Cooking pork brisket can be a bit tricky as it is not one of those meats that you may enjoy so often, and whoever liked overcooked meat! Have no fear because Tastessence is here.
- Rest the brisket after it has been cooked; this allows the juices in the meat to distribute themselves evenly throughout it.
- Season the meat just before cooking it; this prevents the salt from drawing out the moisture from the meat.
- For this cut of meat, marinade is usually a big no-no as it will draw out the moisture from the meat and make it dry.
Pork brisket is basically whatever that is left on the lower part of the pork shoulder after removing the upper picnic ham from it. This cut of meat is very cheap as it is basically a scrap of meat. This meat is largely underestimated as a lot of people don’t really know how to cook the meat right. This pork cut has a large amount of fat in it, and thus, it is ideal for slow cooking as the fat keeps it moist and tender. Once cooked, this meat just falls off the bone and melts in your mouth―one mouthful of this is sure to make your toes curl with pure gastronomic pleasure. You can choose to leave the skin on to give it a bit of crispiness to your meals or remove it and make a crackling (the world can never have enough of pork crackling!), this depends on the way you decide to cook it. We explain 5 ways to cook pork brisket the right way.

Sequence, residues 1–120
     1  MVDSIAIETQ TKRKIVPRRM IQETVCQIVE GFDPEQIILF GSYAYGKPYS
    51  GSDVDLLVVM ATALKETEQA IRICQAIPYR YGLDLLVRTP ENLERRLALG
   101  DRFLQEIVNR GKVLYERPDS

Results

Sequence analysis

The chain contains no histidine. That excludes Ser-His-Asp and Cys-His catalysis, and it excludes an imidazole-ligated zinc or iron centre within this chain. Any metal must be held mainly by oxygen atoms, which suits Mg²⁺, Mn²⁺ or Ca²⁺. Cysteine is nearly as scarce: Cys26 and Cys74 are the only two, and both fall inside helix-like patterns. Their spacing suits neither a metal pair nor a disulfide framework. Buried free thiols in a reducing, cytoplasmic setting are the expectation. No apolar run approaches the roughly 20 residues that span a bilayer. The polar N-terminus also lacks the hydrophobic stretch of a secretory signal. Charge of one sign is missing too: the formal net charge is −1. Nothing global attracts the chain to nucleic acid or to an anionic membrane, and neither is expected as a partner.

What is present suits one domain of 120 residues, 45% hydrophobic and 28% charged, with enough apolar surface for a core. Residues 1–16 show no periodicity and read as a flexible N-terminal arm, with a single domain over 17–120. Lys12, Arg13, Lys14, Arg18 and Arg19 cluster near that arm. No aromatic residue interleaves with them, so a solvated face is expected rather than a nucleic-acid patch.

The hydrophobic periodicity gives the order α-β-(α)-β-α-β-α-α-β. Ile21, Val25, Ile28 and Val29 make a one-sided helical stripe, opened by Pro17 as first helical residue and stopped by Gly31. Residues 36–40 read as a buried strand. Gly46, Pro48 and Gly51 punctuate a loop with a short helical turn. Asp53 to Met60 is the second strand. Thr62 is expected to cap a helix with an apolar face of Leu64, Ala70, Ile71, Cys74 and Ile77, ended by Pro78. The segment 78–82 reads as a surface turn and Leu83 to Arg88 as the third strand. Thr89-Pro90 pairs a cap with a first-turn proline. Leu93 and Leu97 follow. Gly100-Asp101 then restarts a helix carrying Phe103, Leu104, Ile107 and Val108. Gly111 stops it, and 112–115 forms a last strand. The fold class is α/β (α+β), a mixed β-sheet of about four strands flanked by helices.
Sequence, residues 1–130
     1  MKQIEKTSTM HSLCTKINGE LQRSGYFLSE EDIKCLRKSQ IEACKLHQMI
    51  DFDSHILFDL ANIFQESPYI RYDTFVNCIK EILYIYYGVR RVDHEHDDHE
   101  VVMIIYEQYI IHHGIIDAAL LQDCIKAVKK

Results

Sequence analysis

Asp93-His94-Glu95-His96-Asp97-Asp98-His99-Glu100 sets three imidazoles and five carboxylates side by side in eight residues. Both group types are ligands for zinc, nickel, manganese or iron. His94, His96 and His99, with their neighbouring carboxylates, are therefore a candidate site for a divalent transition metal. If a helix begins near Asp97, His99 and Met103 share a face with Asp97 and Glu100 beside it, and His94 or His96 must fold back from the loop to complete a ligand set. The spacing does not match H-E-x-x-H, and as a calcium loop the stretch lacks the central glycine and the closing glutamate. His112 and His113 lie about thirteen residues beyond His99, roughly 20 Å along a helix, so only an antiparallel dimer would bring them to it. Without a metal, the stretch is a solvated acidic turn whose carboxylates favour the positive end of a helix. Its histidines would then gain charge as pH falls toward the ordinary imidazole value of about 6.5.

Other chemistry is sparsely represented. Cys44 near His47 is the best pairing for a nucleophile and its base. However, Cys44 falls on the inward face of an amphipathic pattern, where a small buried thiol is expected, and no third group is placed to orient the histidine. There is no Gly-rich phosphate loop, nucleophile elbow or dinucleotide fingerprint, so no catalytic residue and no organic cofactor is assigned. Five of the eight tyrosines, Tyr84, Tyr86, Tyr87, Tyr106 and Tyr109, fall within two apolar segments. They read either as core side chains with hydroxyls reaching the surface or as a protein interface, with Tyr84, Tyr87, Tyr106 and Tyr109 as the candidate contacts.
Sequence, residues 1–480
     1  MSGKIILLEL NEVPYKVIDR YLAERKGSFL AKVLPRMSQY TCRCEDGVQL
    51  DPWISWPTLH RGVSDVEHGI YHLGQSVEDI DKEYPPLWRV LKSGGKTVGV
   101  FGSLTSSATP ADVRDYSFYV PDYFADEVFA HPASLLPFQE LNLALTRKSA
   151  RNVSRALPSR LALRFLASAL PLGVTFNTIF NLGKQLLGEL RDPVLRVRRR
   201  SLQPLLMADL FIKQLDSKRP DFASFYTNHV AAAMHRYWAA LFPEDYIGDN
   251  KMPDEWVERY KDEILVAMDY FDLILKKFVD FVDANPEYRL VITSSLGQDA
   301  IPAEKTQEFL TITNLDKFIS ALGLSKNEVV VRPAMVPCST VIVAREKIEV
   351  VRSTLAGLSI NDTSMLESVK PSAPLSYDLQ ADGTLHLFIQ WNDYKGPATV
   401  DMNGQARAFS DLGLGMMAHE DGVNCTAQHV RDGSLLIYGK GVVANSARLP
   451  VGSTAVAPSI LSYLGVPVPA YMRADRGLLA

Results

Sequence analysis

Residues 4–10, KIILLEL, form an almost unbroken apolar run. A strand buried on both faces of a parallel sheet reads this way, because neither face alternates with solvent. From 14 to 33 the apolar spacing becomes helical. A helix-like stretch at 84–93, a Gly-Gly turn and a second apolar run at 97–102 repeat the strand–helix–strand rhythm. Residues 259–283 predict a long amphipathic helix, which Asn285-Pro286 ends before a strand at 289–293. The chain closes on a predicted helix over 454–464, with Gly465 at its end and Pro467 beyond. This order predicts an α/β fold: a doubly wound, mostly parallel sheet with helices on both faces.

♨ Fill a large pot with water, till it is about ⅔ full, and then add a good amount of salt to it.
♨ Bring the water to a boil using a high flame, and then lower the flame to medium heat.
♨ Create a poaching liquid by adding lots of peppercorns, garlic, some dried herbs, and vegetables that you wish to.
♨ Add in the meat and let it cook for about half an hour to forty five minutes depending on the size of the meat.
♨ Drain the meat from the poaching liquid; rub your favorite dried spice rub on it or slather the ribs with some barbecue sauce.
♨ Bake it in the oven at 350°F, for six to eight minutes on each side.
♨ The temperature of the meat should be between 170°F-180°F at the thickest part of the meat. (Freeze the poaching liquid to use it the next time).
On the Grill
♨ Debone the spare rib brisket, remove the skin, and trim the excess fat. Drizzle it with a little bit of oil and coat the meat with a dry rub of your choice and season it.
♨ Heat your gas grill to a temperature of about 300°F, and using a kitchen towel, coat the grill grates with some olive oil before you heat it. This will prevent the meat from sticking to it.
♨ Place the brisket on the grill meat side-down first, flip the meat after an hour, and continue flipping the meat at regular intervals to ensure even cooking of the meat from all sides.
♨ When the meat is cooked, the temperature should be around 170°F-180°F at the thickest part of the meat. The time for cooking of the meat will vary depending on its size, and it should take around 2.5 to 3 hours.
Smoking the Meat